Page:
Ah, a day at the beach. Blue skies. A balmy breeze. Sand between your toes. And a seagull puking its brains out because it’s ingested far too many plastic bits.

DAVID MIRZOEFF / GREENPEACE

Ew, bro.

Famed marine sculptor Jason deCaires Taylor created this figure as part of a larger installation meant to convey a sense of urgency about the amount of plastic debris in the world’s oceans. 

Taylor partnered with the nonprofit Greenpeace to erect his disturbing installation in central London this week.

The full work, called “Plasticide,” sits outside of the Royal National Theater. In addition to the vomiting seagull, the installation depicts a family of four enjoying a regular day at the beach. There are several other birds in the piece, and several other colorful piles of plastic ― presumably the other birds have already puked and moved on to find more garbage.

Each year, 8 million tons of plastic wind up in the ocean. By 2050, we’ll have more plastic than fish in our waters. This will lead to a number of deleterious consequences, including birds mistaking plastic for edible food. Studies have found that 90 percent of seabirds have plastic in their stomachs.

David Mirzoeff / Greenpeace

Jason deCaires Taylor’s full “Plasticide” sculpture.

Among the pieces of debris one of the “Plasticide” seagulls has vomited is a cap from a Coke bottle. Beverage companies are a huge contributor to the current marine crisis, a Greenpeace UK report released earlier this month concluded.

While the major soft drink companies have committed to producing bottles that are recyclable, that’s not actually a sustainable solution. Just because something’s recyclable, doesn’t mean the user is going to deposit it in the appropriate bin.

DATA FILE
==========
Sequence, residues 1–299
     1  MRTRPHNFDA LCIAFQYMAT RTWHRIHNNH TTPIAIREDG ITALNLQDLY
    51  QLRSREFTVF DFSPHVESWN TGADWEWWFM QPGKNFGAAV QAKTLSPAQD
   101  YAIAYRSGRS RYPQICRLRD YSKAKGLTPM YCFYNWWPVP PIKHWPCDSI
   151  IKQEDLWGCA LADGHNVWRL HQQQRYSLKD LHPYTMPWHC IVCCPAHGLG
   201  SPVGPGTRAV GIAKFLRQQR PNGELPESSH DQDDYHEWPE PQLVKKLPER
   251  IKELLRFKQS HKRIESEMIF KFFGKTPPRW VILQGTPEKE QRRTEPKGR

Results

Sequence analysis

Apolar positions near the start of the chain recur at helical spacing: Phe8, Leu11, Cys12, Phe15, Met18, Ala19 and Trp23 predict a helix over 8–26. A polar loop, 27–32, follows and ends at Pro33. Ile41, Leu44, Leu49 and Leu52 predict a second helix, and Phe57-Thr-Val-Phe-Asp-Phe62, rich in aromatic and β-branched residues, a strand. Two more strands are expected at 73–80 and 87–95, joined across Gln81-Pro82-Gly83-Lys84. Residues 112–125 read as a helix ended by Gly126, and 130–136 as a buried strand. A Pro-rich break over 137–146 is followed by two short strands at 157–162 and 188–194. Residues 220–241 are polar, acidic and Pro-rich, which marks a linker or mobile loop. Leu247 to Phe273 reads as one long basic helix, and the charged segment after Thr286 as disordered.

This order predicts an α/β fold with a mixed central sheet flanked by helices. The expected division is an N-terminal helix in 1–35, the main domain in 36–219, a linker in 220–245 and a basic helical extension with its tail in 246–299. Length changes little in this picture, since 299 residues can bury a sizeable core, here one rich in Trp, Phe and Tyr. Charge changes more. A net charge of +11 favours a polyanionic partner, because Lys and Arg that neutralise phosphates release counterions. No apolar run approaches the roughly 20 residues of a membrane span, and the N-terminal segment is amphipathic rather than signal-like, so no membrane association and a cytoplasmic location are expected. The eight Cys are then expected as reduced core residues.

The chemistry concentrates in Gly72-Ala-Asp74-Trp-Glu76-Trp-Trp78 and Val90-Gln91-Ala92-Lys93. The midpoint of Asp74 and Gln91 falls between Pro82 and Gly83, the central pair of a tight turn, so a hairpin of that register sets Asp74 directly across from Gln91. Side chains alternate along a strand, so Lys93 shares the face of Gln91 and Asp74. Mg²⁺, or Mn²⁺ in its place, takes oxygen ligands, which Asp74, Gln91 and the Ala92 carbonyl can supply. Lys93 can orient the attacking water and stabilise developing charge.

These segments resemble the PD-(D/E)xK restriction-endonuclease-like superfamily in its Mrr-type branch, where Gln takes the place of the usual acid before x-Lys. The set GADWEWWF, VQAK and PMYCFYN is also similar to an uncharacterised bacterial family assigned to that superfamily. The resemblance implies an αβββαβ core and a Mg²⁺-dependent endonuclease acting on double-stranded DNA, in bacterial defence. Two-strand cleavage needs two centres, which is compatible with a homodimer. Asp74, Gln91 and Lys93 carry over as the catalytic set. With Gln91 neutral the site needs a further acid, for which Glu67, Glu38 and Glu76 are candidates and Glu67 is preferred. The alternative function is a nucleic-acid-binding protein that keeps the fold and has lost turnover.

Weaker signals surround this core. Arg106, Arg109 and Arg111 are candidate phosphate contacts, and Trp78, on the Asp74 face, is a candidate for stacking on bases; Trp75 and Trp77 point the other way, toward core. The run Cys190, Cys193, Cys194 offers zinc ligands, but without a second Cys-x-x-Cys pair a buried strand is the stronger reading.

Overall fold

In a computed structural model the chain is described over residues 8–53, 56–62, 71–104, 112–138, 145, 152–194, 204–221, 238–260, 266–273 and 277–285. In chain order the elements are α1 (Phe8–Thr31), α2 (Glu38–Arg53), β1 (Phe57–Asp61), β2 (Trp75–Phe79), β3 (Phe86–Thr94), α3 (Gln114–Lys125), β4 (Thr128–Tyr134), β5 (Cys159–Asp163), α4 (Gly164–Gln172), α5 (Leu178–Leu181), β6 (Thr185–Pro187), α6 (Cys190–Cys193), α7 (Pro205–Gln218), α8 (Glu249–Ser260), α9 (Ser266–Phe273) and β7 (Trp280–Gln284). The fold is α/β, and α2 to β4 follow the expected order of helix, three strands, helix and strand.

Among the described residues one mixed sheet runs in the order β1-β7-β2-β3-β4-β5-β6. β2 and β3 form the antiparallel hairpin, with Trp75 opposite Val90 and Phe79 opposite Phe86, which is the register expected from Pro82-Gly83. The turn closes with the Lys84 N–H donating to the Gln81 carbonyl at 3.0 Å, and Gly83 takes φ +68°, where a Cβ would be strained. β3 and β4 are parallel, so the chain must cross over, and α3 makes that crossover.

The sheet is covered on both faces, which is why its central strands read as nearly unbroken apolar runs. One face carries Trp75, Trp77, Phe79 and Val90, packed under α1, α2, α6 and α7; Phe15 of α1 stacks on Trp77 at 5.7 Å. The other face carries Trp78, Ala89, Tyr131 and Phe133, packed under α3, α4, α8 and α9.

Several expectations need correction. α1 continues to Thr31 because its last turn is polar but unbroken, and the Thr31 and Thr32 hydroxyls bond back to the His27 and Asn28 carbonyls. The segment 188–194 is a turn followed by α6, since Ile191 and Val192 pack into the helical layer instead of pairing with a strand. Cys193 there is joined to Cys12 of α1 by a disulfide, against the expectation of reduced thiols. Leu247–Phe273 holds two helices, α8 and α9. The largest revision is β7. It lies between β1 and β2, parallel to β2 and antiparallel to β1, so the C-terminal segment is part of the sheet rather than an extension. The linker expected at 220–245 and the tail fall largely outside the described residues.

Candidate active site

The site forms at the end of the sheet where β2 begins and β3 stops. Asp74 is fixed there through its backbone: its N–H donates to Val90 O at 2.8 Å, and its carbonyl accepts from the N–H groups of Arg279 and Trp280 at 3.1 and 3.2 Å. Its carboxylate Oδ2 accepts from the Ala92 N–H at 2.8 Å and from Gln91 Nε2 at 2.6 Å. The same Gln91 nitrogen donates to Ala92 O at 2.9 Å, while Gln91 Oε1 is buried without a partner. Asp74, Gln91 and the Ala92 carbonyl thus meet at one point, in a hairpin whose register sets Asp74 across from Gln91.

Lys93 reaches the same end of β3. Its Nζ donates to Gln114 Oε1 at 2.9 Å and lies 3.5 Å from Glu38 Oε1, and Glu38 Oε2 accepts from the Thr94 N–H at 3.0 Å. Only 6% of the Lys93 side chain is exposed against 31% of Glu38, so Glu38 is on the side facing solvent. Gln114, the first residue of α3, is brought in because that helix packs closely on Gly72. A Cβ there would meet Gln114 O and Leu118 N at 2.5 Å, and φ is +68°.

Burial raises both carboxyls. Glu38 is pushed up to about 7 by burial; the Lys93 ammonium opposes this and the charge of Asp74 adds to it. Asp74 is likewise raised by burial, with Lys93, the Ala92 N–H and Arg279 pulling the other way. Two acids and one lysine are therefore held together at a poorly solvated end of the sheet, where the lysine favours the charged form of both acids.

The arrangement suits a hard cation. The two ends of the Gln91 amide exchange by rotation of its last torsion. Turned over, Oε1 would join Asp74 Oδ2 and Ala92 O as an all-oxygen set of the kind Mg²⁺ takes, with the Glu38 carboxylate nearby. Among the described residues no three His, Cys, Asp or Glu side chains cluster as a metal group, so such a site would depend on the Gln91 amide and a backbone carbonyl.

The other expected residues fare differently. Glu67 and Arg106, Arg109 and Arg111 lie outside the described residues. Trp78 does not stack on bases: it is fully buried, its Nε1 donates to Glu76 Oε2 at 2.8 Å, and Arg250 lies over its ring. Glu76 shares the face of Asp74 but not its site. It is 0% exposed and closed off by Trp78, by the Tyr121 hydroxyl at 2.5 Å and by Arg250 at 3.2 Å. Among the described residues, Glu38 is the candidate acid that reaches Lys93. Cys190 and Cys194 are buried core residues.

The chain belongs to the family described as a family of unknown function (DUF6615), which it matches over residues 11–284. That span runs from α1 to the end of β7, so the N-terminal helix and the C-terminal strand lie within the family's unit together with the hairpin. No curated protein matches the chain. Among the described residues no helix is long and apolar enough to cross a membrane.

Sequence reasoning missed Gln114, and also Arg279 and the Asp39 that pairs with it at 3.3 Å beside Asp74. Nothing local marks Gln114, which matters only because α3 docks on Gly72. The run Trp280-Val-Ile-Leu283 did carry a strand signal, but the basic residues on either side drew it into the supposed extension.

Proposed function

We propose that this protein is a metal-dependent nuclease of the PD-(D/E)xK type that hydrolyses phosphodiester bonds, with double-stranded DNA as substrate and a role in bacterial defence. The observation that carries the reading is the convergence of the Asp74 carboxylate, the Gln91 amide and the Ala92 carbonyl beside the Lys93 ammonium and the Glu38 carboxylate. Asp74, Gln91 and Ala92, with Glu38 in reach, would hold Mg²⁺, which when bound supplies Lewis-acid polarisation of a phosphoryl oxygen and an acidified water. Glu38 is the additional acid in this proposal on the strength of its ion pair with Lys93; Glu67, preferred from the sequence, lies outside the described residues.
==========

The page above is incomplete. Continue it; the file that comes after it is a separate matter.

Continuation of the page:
petekarici via Getty Images

Soft drinks are a major contributor to the plastic pollution in oceans, a new Greenpeace UK report concluded.

One solution the environmental group has proposed is for beverage companies to manufacture bottles made entirely from recycled plastic. This will help reduce the amount of wasted materials entering the oceans, and cut down on the amount of entirely new bottles being produced.

“The build-up of a man-made material like plastic in the vast expanse of our seemly untouched oceans is a visceral reminder of humankind’s devastating impact on our environment,” deCaires Taylor said in a statement.

“I want to bring this message back to home: our oceans, and the marine life which inhabits them, literally can’t stomach any more plastic,” he added.

David Mirzoeff / Greenpeace

Another detail of the puking seagull from the “Plasticide” installation, in case you really wanted another look. 

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